Actually there is a lot to be said of single mother hood, if you haven't found the man of your dreams and you are closing in on the age of 36, I think you have quite the right to start contemplating about doing it alone, , what is the point of living with a boring man and making yourself unhappy just to have children , I have a ten yr. old boy , his father who is a scruffy irresponsible creature, sometimes sleeps on my coach and I try my best to get on with it: You do need some money power, some good friends
surrounding you and you do not have to be afraid to ask for help ; I think women have amazing capabilities in all fields especially this one, lets face it!!! The joy of having a child is really a wonderful adventure, it makes you become less selfcentered and a child yourself.
I have throughly enjoyed the experience ! I live in Italy and you would be amazed how many single mother friends I have, I am not burdened with guilt because I see so many unhappy married woman struggling to get along with their companions!!Without seeming to be superficial !I say "go for it"and enjoy !
Hedgehog · 04/04/2001 12:38
Hi, I am a working 38 year old mother of 4 young children, ranging from 2 to 8 years of age. I am presently in the process of divorcing from an abusive, violent, alcoholic, work-shy husband. I am extremely lucky to be financially independant and to have found a fantastic au-pair.
I must say that life as a single, working mother is extremely tough, I never get a second to myself as I always put my children's interests first. I cannot afford a horde of cleaning ladies, especially as my husband has left me a mountain of debts, and my evenings, after having put the children to bed, consist of washing and cleaning.
In spite of the utter exhaustion, I absolutely adore my children and wouldn't miss them for the world, however there are times when I really feel in need of a holiday far away from children.
I personally feel that I am much better off bringing up my children on my own, with a sensible work-ethic, rather than subjecting them to the corrosive example given by a permanently drunken, lazy, deliberately out of work father. I do feel that children need both female and male examples, so, in order to balance the family and to show my children that not all men are bad, I took a male au-pair, who so far has proved to be excellent.
I believe that there are decent, responsible men out there somewhere but I personally am too afraid of repeating the experience of my catastrophic marriage.
Lizzer · 04/04/2001 15:55
I think you are an inspiration to every mother and what a fantastic idea taking on a male au-pair to strike a balance within your new, improved family! I am a single Mum myself and left my 3 yr relationship with my daughter's father when I was 7 months pregnant. He too had all the qualities (bad word) that your husband possessed and I toyed with the whole 'but maybe he'll change' theory for a while, finally making the (right) desicion that me and baby would be better off without him. So daunted as I was at the prospect of becoming a 25yr old single parent I moved back to my parent's house and out of the area when my maternity leave started. I can honestly say that it was the best thing that ever happened to me. I did not return to my boring, minimum wage job but recently started training for voluntary work with the NSPCC. Having my daughter ( now 15 months and absolutely thriving ) has motivated me to start an open uni course and my life is back on track away from the terrible abusive relationship me and my daughter would now be in. I can't believe there are still people who think that it is 'simply awful' to be a single parent family, when a double parent family would really have been the worst choice for me and many, many others....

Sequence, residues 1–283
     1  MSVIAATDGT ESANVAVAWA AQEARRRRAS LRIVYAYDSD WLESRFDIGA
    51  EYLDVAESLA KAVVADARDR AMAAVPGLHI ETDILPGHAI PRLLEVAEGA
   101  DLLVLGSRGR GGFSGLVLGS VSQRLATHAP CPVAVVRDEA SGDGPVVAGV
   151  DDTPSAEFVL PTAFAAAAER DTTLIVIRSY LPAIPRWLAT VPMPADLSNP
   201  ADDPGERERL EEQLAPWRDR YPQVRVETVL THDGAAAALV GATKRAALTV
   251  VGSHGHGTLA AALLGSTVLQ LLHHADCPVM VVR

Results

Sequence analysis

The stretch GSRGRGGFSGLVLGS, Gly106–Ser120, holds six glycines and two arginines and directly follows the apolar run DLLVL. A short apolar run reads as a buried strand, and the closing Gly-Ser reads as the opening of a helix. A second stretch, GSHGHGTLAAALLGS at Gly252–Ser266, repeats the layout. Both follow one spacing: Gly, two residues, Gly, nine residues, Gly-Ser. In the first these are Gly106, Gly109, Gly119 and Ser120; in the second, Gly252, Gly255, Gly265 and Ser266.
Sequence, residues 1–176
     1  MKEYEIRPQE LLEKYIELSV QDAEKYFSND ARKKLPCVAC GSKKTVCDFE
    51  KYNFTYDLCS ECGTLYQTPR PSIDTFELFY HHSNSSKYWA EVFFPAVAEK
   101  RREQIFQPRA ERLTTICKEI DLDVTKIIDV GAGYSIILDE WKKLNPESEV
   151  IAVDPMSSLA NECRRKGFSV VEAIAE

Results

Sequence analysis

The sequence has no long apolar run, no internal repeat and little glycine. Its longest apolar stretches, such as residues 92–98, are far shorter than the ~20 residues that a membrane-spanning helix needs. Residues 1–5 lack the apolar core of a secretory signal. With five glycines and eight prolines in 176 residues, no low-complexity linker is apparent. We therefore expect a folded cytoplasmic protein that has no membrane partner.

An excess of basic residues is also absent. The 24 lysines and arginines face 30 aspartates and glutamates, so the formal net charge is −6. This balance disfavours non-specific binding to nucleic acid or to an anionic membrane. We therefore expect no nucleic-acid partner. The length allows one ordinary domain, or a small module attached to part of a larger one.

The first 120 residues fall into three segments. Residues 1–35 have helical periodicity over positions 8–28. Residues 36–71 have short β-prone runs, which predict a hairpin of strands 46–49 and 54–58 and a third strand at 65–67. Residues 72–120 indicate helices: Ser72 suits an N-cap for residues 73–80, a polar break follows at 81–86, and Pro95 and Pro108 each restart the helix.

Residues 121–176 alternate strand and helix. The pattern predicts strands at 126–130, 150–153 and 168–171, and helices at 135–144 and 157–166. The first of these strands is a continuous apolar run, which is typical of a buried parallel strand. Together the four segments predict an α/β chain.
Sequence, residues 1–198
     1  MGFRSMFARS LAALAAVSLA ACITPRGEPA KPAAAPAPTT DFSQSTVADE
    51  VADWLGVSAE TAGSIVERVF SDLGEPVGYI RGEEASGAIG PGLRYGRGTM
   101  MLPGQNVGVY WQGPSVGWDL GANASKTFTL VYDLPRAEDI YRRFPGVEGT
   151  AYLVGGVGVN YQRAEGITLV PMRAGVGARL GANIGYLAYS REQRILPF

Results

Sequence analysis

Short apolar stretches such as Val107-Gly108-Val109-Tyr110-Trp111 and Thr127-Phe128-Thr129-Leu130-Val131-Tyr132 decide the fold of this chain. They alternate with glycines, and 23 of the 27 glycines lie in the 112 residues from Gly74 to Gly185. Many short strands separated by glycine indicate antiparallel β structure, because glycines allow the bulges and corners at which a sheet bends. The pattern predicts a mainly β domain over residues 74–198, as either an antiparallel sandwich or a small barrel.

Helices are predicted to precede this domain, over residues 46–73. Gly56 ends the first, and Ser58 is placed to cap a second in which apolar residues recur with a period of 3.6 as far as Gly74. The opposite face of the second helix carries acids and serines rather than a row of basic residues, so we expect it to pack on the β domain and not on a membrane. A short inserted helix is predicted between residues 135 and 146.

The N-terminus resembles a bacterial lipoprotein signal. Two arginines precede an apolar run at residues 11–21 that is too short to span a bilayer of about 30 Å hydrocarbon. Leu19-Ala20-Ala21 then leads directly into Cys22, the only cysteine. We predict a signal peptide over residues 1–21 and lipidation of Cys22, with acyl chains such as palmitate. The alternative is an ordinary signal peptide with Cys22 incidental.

But Hedgehog my hat is off to you with FOUR children in tow, you really deserve a medal!!
Tigermoth · 04/04/2001 16:14
Hedgehog, I, too, was very moved by what you wrote. Sounds like very hard work, but as you imply, worth evey minute to have the love of four children and not have to suffer a loveless marriage.
Very glad your male au pair arrangment is working out for you. If you have a spare hour or two (probaly not, I should imagine) you may want to check out the childminder v nursery message board under the Going Back To Work topic, where the issue of male children's carers was discussed at great length.
Lizzer · 04/04/2001 17:39
Many thanks Croppy for your kind words, I don't think I've been called brave or strong before, (the words dizzy and blonde do crop up quite frequently though!! ) I was touched, funny how it's easier to write things down for all to read rather than saying them out loud isn't it?! Anyway, thanks that was lovely to read, made my day!! ( Still reckon hedgehog deserves far more praise with the 4 kids theory!! )
Hedgehog · 05/04/2001 06:57
Thank you Lizzer, Croppy and Tigermoth for your praise, it is so nice to hear some encouragement!
I am still a bundle of nerves at the moment but fortunately I live in mainland Europe and my husband is back in England. Thankfully the childcare provisions in this country are fantastic, an example that Tony Blair could learn from!!! and the au-pair picks the children up after school / pre-school / crèche.
After years of effectively being a prisoner in my own home, I am now slowly starting to make contact with old friends and have even managed to go out twice! After years of desperately trying to see the "good" in my husband, after years of hoping in vain that he would change, something finally snapped when he became violent, I threw him out and obtained a barring order. I have lost far too much weight in the process but the sense of relief is enormous. I can finally start being ME again instead of living in fear of a vodka bottle. It is so wonderful!!!